97-Year-Old Pioneer of Street Photography Captures New York Since the 1940’s

Vivian Cherry Street Photography

Harlem, 1940’s

After a knee injury slowed down her burgeoning dance career, Manhattanite Vivian Cherry turned to photography. It was an exciting time in New York City, as World War II caused a shift that moved the cultural heart of the world from Europe to New York. And Cherry, now 97 years old, was there to capture it all.

Cherry honed her photography skills as an assistant in a darkroom. “I was walking by a printers called Underwood and Underwood and I saw a sign saying, ‘Darkroom Help Wanted!–No Experience Necessary!'” she shared. “I remember it was the ‘no experience' bit that caught my attention—I didn’t know what the job would entail. At that time they were short on people to print photographs because so many men had been drafted, so I applied and got the job.”

Even after she returned to dance, photography remained a passion and she dove into documentary photography for its ability to paint a picture of reality. From the subway to the streets of Spanish Harlem, Cherry immortalized life in New York City and the everyday people who called the city their home. Many of her stunning black and white images from the 1940's and 1950's show children at play or spending time with friends.

“It was easier to take pictures of children then than it is now because they’d always be running around in the open spaces in the city, playing cops and robbers and shooting each other with their fingers,” she recalled.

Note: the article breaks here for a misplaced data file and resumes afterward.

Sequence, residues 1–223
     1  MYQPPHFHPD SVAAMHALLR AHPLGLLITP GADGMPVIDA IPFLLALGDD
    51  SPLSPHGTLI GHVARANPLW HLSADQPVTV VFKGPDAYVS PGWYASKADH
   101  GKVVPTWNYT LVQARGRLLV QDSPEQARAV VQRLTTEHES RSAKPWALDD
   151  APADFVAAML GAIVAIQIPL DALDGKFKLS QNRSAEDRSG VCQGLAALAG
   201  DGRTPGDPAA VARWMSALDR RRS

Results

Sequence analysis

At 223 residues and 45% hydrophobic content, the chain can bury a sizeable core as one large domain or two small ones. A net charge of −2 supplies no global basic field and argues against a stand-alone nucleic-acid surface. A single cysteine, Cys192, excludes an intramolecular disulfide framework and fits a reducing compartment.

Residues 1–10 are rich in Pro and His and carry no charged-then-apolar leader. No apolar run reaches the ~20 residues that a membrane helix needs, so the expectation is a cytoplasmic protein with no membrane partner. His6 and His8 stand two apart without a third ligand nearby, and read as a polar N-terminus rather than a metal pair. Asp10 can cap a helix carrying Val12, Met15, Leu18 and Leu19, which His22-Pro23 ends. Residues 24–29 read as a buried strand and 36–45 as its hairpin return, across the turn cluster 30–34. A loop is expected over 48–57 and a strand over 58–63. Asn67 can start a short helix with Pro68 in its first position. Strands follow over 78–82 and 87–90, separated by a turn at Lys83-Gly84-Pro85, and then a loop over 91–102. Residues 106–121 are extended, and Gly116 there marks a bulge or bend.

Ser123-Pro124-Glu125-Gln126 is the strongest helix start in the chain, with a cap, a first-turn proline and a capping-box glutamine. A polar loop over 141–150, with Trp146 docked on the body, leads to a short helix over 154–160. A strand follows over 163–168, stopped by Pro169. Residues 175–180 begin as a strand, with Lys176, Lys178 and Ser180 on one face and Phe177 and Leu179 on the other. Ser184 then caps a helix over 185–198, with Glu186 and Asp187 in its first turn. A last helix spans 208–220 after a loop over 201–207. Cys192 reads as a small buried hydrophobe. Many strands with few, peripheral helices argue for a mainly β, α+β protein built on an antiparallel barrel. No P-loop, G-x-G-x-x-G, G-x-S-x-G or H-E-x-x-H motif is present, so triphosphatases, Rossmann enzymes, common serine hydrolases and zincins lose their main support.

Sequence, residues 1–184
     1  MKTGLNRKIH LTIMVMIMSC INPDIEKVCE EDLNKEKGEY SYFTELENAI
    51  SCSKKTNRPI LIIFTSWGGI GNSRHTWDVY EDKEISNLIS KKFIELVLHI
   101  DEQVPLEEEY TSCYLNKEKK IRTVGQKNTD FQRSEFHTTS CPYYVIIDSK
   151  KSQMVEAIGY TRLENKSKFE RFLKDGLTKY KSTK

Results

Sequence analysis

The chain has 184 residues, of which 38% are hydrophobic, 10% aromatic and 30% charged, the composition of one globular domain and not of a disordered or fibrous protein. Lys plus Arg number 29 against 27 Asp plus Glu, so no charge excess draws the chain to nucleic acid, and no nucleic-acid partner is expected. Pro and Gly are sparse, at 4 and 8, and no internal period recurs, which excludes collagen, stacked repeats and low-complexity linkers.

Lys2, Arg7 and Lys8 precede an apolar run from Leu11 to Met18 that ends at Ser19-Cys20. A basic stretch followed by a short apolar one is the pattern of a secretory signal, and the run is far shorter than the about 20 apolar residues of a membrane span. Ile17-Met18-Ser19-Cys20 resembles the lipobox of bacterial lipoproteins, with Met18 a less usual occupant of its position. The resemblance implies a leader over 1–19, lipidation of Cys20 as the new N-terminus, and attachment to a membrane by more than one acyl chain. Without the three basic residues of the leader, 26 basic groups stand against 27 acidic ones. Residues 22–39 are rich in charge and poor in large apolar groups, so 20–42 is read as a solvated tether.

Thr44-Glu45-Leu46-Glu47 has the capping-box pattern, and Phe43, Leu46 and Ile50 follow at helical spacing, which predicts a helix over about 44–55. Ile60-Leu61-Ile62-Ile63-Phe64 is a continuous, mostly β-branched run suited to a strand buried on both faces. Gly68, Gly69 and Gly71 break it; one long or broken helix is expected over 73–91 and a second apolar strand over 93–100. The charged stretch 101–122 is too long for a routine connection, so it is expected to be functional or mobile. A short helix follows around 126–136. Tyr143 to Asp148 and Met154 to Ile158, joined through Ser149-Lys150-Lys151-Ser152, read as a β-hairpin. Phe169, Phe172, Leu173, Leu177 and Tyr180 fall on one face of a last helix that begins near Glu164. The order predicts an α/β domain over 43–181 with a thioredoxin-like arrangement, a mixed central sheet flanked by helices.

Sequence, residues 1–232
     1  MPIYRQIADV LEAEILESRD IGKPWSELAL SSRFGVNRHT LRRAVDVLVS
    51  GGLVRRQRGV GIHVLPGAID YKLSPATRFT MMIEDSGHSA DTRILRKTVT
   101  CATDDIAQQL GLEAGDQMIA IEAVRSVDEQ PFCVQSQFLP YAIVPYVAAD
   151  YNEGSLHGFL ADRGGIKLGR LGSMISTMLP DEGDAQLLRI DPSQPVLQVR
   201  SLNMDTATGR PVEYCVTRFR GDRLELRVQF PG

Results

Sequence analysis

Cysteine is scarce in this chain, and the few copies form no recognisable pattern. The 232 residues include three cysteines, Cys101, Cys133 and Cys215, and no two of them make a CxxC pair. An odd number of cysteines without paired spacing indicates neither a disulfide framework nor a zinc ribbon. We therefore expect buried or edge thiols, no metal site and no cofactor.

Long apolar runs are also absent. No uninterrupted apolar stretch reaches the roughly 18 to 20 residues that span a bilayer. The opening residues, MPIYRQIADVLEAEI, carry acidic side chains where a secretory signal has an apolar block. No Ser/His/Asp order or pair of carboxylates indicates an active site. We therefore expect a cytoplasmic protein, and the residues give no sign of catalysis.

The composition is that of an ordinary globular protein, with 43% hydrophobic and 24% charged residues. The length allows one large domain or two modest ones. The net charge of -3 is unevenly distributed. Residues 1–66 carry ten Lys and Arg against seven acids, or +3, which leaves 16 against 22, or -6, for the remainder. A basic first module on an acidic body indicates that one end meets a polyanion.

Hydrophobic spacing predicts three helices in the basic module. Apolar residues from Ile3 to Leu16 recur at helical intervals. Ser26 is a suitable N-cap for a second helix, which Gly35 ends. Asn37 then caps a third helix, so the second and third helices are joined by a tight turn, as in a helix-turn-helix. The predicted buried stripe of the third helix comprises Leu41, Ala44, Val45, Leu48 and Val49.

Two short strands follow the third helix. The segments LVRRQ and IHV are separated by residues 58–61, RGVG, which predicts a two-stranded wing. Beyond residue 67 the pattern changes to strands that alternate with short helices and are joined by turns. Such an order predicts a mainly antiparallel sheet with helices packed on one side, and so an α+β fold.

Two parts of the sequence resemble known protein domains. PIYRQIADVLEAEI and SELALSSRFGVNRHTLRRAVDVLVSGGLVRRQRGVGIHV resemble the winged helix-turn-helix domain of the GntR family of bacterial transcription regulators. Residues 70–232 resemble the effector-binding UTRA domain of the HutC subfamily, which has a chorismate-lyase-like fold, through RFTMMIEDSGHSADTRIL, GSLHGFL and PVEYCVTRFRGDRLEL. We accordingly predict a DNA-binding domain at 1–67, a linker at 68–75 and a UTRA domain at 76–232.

Cherry continued photographing the city well into her 90's, with her earliest work a rare reminder of what New York once was. Her photography has been celebrated by many important institutions, with her work in the permanent collections of MoMA, the New York Public Library, and the Smithsonian's National Portrait Gallery. Currently, her solo exhibition Helluva Town is on view until June 16, 2018 at Daniel Cooney Fine Art in New York City.

Street Photography by Vivian Cherry

Third Avenue El, early 1950’s

Vivian Cherry Street Photography

Children in Hell’s Kitchen, 1940’s

Street Photography by Vivian Cherry

Third Avenue El, early 1950’s

Vivian Cherry Street Photography

Spanish Harlem, 1940’s

Vivian Cherry: Website 

My Modern Met granted permission to use photos by Daniel Cooney Fine Art.

Related Articles:

Street Photographer Captures Candid Photos of New York From 1969 to 2006

Restored Film Footage Shows What Life Was Like in New York City Over 100 Years Ago

Humanist Street Photography Showcases Everyday Life in Post-War Paris

Stunning Street Photos Capture Simple Joys of Life in New York Right After WWII

Jessica Stewart

Jessica Stewart is a Staff Editor and Digital Media Specialist for My Modern Met, as well as a curator and art historian. Since 2020, she is also one of the co-hosts of the My Modern Met Top Artist Podcast. She earned her MA in Renaissance Studies from University College London and now lives in Rome, Italy. She cultivated expertise in street art which led to the purchase of her photographic archive by the Treccani Italian Encyclopedia in 2014. When she’s not spending time with her three dogs, she also manages the studio of a successful street artist. In 2013, she authored the book 'Street Art Stories Roma' and most recently contributed to 'Crossroads: A Glimpse Into the Life of Alice Pasquini'. You can follow her adventures online at @romephotoblog.
Become a
My Modern Met Member
As a member, you'll join us in our effort to support the arts.

Sponsored Content